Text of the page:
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It has finally become time to acknowledge that Stephen Curry, the Goldenest and Stateliest Warrior of them all, is (pick one or more):

  1. Overdefended
  2. Overeager
  3. Overshooting
  4. Overthinking
  5. Overfrustrated
  6. Overtired
  7. Overaged
  8. Just going through one of those shooting things that has now lasted the equivalent of a fifth of a season and must be noted as … well, something so noticeable that for one of the rare times in a pixie-kissed career he sounds, well, a bit mopey.

“I haven’t [had a worse stretch],” Curry said after Wednesday’s 99-82 loss to the modest Mavericks. “Over the course of the last 10 to 15ish [games]. Usually there are mechanics I can focus on. But now it’s dealing with [swarming] defenses and dealing with the shots I’m going to get.”

Actually, the number he was groping for is 17 games, no ish needed, in which he is shooting .367 from anywhere and .347 from behind the three-point arc. That makes him Nickeil Alexander-Walker and Malik Beasley, which is deeply and profoundly ordinary. It does not necessarily mean that Reason No. 7 on our list is an actual issue yet, but Reasons No. 1–6 look pretty well spot-on. 

Curry was 5-for-24 from the field Wednesday night, resulting in the ultra-rare House of Highlights miss compilation:

At a time when the Warriors have more reasonable and trustworthy options offensively than at almost any time since he became the Warriors, Curry has suddenly felt the load of being alone more than ever. Or, more specifically, he can be guarded now by any team willing to commit two guys with sandbags. Before this current stretch, defenses did all those things and it didn’t seem to matter nearly so much. Now, it’s a talking point.

“Everyone is throwing everything at him,” head coach Steve Kerr said in a quote last night captured by Anthony Slater of The Athletic. “Their best defenders, double-teams, trying to make it as difficult as possible.”

“These defenses have ramped up a bit more than they have been,” team interpreter Draymond Green added. “As opposed to combating that with ball movement, we’ve combated that with him having the ball more. I think that’s not just a coach thing, that’s a feel thing for us players. You gotta notice that and do some things to get him off the ball.”

Maybe. Maybe not. It all sounds like inside-the-huddle coach-speak for the one player whose gift always seemed to transcend such mundane things as “plays” or “defenders.” Last year, when he was essentially trying to shoot the Warriors into the postseason by himself, his last 17 games featured a .484 shooting percentage and a .434 three-point percentage; he is 10 percentage points behind both of those marks with this current barrel-roll. This may be picking his best work to highlight his worst, but the two extremes aren’t so far apart as to make the comparison unimportant. It’s more a matter of when Kerr can stop saying with his performative chirpy optimism to get folks off an unpleasant subject, “He’s gonna break out of it pretty quickly,” because “pretty quickly” is starting to disappear in the rearview mirror.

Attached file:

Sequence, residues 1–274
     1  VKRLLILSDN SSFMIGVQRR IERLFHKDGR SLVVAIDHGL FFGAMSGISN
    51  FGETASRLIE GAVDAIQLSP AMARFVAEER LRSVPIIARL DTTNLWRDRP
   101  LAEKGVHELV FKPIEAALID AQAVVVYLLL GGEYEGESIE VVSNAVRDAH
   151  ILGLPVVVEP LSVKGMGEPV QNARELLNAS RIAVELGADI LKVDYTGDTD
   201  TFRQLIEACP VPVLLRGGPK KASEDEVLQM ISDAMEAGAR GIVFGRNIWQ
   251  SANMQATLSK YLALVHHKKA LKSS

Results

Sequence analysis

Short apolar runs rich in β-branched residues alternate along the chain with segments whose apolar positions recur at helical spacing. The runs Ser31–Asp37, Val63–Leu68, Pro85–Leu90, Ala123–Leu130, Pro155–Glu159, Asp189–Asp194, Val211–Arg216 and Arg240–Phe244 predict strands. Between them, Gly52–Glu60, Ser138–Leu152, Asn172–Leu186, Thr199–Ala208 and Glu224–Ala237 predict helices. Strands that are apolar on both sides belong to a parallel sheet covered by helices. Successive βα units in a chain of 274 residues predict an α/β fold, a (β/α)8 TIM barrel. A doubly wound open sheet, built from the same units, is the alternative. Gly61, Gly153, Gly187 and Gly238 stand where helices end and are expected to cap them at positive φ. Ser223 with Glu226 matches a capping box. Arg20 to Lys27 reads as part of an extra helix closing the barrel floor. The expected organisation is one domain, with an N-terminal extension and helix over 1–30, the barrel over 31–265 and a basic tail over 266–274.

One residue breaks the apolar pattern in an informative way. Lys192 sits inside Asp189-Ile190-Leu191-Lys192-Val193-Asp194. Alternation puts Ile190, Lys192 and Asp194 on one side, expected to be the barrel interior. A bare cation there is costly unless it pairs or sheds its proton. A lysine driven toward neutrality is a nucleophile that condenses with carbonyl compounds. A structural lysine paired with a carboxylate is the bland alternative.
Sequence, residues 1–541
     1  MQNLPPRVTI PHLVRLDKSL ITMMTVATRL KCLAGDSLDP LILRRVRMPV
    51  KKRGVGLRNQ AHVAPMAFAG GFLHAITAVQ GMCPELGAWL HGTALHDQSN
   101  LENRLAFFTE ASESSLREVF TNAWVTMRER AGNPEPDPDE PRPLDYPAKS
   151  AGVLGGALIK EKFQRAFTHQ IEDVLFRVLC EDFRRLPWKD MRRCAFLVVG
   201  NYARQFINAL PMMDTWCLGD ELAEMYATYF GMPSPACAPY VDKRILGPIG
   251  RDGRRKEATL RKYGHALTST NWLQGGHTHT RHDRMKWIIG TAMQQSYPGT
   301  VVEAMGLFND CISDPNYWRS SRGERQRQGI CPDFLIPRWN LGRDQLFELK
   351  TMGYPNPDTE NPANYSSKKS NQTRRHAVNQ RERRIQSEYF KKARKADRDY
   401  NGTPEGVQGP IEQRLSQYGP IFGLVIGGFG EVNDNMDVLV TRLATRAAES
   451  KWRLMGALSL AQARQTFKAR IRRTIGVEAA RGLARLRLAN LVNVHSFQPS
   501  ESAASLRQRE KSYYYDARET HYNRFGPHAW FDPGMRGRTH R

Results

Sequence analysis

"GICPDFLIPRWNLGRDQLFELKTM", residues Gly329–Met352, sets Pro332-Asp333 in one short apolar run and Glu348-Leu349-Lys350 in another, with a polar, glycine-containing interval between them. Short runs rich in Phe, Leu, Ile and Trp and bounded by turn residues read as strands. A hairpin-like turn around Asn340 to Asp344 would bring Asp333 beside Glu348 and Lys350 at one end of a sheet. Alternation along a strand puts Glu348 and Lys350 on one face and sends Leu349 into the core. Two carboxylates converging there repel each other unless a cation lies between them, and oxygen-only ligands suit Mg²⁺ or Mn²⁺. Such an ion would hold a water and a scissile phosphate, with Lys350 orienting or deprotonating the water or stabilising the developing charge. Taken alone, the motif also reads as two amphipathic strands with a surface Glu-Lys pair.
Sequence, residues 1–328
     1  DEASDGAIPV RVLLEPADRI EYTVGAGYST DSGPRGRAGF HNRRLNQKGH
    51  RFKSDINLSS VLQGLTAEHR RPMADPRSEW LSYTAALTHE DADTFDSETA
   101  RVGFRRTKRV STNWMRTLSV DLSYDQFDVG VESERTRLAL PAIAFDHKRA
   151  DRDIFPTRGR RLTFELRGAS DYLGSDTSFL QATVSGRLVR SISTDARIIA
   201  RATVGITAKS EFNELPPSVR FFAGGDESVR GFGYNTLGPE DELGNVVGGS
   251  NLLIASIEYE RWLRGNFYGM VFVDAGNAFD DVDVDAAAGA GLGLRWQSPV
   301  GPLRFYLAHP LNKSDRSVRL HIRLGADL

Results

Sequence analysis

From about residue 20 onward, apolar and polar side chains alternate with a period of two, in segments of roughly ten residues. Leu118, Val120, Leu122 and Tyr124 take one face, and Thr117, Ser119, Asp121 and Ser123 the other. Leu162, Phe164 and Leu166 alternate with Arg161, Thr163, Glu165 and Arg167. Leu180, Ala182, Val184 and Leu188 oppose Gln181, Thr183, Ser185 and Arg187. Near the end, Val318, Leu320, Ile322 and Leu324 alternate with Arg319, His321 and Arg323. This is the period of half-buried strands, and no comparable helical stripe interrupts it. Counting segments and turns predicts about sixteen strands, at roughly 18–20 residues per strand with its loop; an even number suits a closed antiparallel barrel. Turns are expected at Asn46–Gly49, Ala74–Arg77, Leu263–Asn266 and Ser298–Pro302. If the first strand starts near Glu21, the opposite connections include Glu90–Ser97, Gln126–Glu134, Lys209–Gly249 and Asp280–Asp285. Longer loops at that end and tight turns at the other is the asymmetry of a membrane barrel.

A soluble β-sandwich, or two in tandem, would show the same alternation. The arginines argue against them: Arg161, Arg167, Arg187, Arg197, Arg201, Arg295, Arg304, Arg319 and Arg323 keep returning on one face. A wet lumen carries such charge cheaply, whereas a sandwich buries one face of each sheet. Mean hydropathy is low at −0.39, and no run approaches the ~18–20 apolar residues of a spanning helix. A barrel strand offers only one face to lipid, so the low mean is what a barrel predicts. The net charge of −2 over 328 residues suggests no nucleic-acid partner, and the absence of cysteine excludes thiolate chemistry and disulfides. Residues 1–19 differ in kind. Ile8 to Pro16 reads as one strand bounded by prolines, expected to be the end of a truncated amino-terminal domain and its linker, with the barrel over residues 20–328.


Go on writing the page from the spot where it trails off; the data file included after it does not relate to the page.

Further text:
The solution for all this could come Sunday against Cleveland when Klay Thompson returns from his two-year gap year, though the Cavs are more likely to chase Curry about and make Thompson force their respect. It might even come tonight, as Curry looks likely to be streetclothed in New Orleans against the Pelicans, ostensibly because of a quadriceps bruise he incurred against the Mavericks.

And no, Curry at 33 is by no means a shell of his former self. He’ll have to do a lot worse for a lot longer for Reason No. 7 to become a thing. But Reasons No. 1–6 look closer to whatever the truth actually is. However they divide and reassemble the explanations, Stephen Curry has now gone more than a month since the last time he put successive jaw-slackening performances together, and people are, well, noticing. As in noticing and starting to whisper about it. After all, Kyrie Irving and whatever is or isn’t ailing the Lakers at any given chat segment cannot hide everything else in the NBA every day.